Abstract. A survey of 750 university human Research Ethics Boards (HRECs) in the United States revealed that Internet research protocols involving online or Web surveys are the type most often reviewed (94% of respondents), indicating the growing prevalence of this methodology for academic research. Respondents indicated that the electronic and online nature of these survey data challenges traditional research ethics principles such as consent, risk, privacy, anonymity, confidentiality, and autonomy, and adds new methodological complexities surrounding data storage, security, sampling, and survey design. Interesting discrepancies surfaced among respondents regarding strengths and weaknesses within extant guidelines, which are highlighted throughout the paper. The paper concludes with considerations and suggestions towards consistent protocol review of online surveys to ensure appropriate human subjects protections in the face of emergent electronic tools and methodologies.

Decorte, T., Malm, A., Sznitman, S. R., Hakkarainen, P., Barratt, M. J., Potter, G. R., Asmussen Frank, V. (2019). The challenges and benefits of analyzing feedback comments in surveys: Lessons from a cross-national online survey of small-scale cannabis growers. Methodological Innovations.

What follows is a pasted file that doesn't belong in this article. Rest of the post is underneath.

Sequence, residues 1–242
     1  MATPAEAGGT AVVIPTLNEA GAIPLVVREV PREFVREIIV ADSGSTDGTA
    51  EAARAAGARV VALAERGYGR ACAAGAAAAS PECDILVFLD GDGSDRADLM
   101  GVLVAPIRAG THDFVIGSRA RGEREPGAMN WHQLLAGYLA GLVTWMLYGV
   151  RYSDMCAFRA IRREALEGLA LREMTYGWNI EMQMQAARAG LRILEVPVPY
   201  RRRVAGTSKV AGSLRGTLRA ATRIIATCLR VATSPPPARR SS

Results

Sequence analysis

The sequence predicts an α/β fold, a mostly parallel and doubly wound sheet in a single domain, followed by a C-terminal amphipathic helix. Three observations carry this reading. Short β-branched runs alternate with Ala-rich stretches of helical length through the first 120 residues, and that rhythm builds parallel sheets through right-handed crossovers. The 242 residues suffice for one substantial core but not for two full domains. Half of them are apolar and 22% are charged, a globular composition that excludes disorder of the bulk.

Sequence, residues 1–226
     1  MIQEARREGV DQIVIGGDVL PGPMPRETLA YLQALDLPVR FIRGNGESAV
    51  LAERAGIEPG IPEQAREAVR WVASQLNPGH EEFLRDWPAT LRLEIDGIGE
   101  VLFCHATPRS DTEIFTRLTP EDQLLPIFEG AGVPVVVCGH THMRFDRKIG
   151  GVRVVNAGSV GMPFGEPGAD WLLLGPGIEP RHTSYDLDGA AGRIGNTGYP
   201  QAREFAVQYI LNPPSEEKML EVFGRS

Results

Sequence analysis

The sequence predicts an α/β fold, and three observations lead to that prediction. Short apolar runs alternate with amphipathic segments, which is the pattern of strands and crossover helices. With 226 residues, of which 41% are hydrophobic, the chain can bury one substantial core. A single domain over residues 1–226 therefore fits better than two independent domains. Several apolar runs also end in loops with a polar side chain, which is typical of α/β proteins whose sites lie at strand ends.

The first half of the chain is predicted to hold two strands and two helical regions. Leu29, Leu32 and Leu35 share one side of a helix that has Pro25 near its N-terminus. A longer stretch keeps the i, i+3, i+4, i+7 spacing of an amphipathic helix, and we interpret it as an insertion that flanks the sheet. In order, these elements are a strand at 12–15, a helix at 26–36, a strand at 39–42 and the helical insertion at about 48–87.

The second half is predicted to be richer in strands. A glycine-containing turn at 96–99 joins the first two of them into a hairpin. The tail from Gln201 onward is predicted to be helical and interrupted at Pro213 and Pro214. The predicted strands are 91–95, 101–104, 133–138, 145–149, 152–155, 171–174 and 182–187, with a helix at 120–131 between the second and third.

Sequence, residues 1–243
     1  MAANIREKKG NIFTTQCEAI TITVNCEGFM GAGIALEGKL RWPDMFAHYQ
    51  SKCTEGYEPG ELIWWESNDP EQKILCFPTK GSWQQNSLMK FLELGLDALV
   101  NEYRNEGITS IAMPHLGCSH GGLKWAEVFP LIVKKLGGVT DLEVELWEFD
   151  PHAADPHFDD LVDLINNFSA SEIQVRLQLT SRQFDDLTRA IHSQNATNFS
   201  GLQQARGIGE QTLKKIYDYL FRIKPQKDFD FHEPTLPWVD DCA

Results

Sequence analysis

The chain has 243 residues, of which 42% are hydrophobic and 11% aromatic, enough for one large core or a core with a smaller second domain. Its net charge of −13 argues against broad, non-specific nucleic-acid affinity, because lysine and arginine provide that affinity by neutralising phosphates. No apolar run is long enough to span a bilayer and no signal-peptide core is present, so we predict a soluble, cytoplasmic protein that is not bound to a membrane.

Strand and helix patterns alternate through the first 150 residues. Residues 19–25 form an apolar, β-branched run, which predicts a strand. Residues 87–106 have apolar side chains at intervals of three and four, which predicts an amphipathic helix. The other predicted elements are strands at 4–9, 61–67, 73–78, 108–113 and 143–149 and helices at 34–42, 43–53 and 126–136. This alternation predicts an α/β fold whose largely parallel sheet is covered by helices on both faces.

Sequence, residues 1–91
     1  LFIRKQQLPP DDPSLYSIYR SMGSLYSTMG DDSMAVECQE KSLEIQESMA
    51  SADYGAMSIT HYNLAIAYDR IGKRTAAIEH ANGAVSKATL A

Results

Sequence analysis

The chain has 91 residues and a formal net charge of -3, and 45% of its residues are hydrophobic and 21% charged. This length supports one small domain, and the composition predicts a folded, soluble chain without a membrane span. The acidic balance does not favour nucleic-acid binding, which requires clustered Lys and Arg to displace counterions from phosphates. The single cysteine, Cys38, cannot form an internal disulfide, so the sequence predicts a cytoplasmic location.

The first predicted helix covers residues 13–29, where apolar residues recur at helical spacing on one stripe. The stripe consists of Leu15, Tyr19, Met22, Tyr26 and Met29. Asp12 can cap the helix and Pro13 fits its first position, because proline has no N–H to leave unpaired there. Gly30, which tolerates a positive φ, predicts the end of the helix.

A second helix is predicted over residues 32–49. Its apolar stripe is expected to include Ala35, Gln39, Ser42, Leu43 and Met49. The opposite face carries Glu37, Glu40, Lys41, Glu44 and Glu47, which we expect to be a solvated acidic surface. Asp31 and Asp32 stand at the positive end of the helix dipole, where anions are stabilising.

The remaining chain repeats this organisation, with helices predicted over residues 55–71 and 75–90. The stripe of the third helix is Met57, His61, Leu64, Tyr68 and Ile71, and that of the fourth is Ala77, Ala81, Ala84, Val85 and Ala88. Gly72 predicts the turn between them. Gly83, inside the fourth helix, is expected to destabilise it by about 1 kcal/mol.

Abstract. It is common practice in survey questionnaires to include a general open and non-directive feedback question at the end, but the analysis of this type of data is rarely discussed in the methodological literature. While these open-ended comments can be useful, most researchers fail to report on this issue. The aim of this article is to illustrate and reflect upon the benefits and challenges of analyzing responses to open-ended feedback questions. The article describes the experiences of coding and analyzing data generated through a feedback question at the end of an international online survey with small-scale cannabis cultivators carried out by the Global Cannabis Cultivation Research Consortium. After describing the design and dataset of the web survey, the analytical approach and coding frame are presented. The analytical strategies chosen in this study illustrate the diversity and complexity of feedback comments which pose methodological challenges to researchers wishing to use them for data analyses. In this article, three types of feedback comments (political/policy comments, general comments of positive and negative appreciation, and methodological comments) are used to illustrate the difficulties and advantages of analyzing this type of data. The advantages of analyzing feedback comments are well known, but they seem to be rarely exploited. General feedback questions at the end of surveys are typically non-directive. If researchers want to use these data for research and analyses, they need a clear strategy. They ought to give enough thought to why they are including this type of question, and develop an analytical strategy at the design stage of the study.